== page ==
The foundation funds projects to conserve and restore fish, wildlife, and native plants through matching grant programs. The Foundation awards matching grants to projects that address priority actions promoting fish and wildlife conservation and the habitats on which they depend, work proactively to involve other conservation and community interests, leverage Foundation-provided funding, and evaluate project outcomes. Federal, state, and local governments, educational institutions, and nonprofit organizations are welcomed to apply for a general matching grant throughout the year.
This program was developed to provide flexible funding to sustain existing place-based collaborative efforts as well as incentive to take necessary risks to innovate and move the field of collaboration forward. The CSP provides two types of small grants: 1) Capacity Grants where up to $5,000 is available for organizational development needs in collaborative efforts. Capacity grant funds can be used for a wide range of tools including but not limited to: training, consultants, community outreach, group facilitation, program development, nonprofit management skill-building, and communications. 2) Innovation Grants where up to $10,000 is available for expenses related to the implementation of new ideas or strategies that will move the field of collaboration forward and that have the potential to be transferred to other collaborative efforts across the country.
This program is designed to promote the creation of locally based organizations or groups seeking to resolve natural resource issues through a collaborative process.
This provides 1:1 matching grants to organizations implementing action-oriented, on-the-ground stewardship and citizen-based science projects that benefit America's National Forests and Grasslands. By matching NFF federal funds to non-federal dollars raised by award recipients, MAP effectively doubles the resources available to nonprofit partners for implementing these projects.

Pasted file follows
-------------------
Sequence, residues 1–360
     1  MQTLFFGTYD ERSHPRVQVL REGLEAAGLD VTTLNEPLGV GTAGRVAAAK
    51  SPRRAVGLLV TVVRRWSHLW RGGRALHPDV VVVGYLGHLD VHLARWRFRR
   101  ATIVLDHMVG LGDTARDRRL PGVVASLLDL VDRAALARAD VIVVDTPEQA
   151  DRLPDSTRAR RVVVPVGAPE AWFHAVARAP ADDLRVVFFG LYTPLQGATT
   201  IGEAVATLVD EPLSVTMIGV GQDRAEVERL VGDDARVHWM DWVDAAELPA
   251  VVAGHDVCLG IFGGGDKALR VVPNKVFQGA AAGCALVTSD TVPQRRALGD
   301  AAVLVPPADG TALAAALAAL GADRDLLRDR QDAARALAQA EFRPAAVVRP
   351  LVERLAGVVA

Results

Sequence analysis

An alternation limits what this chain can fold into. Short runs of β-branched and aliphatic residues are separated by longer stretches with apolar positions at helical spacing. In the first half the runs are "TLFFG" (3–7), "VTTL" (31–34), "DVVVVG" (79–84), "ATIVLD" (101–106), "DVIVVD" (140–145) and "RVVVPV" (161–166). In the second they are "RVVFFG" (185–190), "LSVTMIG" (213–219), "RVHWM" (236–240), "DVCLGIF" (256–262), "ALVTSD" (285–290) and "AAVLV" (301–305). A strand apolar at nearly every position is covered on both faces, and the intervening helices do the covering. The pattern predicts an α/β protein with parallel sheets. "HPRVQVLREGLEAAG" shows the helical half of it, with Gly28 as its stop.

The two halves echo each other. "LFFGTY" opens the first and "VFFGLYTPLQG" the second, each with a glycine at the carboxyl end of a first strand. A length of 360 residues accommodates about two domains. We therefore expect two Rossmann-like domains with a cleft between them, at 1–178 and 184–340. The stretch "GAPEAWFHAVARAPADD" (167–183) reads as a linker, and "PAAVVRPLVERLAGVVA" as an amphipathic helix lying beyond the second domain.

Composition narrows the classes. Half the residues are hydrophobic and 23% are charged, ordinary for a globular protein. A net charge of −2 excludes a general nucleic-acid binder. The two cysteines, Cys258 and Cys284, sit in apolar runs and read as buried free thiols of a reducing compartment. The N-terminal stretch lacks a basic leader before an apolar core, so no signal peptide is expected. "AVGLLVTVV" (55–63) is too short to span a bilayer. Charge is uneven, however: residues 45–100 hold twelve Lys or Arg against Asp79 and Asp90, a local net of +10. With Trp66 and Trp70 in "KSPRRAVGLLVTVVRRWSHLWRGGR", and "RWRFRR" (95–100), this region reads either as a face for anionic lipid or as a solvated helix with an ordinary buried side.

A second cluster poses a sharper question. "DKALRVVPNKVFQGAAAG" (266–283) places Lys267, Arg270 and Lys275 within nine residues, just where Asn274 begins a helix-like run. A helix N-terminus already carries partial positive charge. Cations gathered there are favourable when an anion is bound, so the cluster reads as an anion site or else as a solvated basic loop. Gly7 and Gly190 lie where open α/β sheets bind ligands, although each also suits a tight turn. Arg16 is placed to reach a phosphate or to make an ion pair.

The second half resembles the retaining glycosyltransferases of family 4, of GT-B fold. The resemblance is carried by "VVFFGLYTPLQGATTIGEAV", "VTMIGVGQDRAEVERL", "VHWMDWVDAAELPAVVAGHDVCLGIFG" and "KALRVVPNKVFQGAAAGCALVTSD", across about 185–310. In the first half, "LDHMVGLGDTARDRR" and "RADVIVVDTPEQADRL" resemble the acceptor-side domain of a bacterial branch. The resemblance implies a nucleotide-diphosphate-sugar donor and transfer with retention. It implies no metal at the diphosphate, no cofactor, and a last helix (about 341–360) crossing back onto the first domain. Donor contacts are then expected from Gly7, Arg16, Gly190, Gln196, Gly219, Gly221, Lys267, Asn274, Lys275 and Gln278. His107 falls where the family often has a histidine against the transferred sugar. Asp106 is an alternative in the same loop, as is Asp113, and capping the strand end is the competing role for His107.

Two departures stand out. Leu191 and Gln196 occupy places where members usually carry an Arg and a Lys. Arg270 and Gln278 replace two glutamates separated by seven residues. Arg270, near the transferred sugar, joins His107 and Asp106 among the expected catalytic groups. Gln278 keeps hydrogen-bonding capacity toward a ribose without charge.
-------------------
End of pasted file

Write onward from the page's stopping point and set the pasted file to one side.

This program is for locally based collaborative efforts working on natural resource issues on National Forests and Grasslands. The purpose of the Mid-Capacity Assistance Program is to support relatively young nonprofit organizations as they leverage their initial project successes and experiences, while strengthening their operating infrastructure.
The Small Grants Program is a competitive, matching grants program that supports public-private partnerships carrying out projects in the United States that further the goals of the North American Wetlands Conservation Act. These projects must involve long-term protection, restoration, and/or enhancement of wetlands and associated uplands habitats for the benefit of all wetlands-associated migratory birds.
The Family Fund's Environment program emphasizes conservation of natural resources, protection of health as affected by the environment, meaningful implementation and enforcement of the nation's environmental laws, the cessation and cleanup of pollution caused by the Department of Energy and the Department of Defense, and public participation in national environmental policy debates. Letters of inquiry may be mailed to the Rockefeller Family Fund, 437 Madison Avenue, 37th Floor, New York, NY, 10022. Letters of inquiry may also be sent to the Family Fund at the following e-mail address: mmccarthy@rffund.org
This fund welcomes preproposals for projects that enhance the health of the Great Lakes ecosystem. Applicants should propose projects that will return the greatest ecosystem benefits. Current Fund interests include Preventing Biological Pollution, Restoring Natural Flow Regimes and Using Market Mechanisms for Environmental Improvement. Additional projects are sought to add to, and expand Fund supported work in these areas. Preproposals may be submitted at any time. The Fund will begin to review preproposals upon receipt.
For 2005-2007, Ecology will offer grants for shoreline master program updates. These grants will be jointly funded with state funds ($4 million has been requested for the biennium) and CZM funds. Ecology intends to continue to dedicate up to $400,000 in federal CZM funds per year to these shoreline planning grants. The availability of these funds is subject to federal approval of the state’s annual CZM awards.
The Wetland Program Development Grants (WPDGs), initiated in FY90, provide eligible applicants an opportunity to conduct projects that promote the coordination and acceleration of research, investigations, experiments, training, demonstrations, surveys, and studies relating to the causes, effects, extent, prevention, reduction, and elimination of water pollution.
Pesticides
Grants Application for these grants is due April 19, 2010. The maximum funding level is $250,000 per project. The project period of performance is limited to two years. The assistance agreements are for research, public education, training, monitoring, demonstration and studies.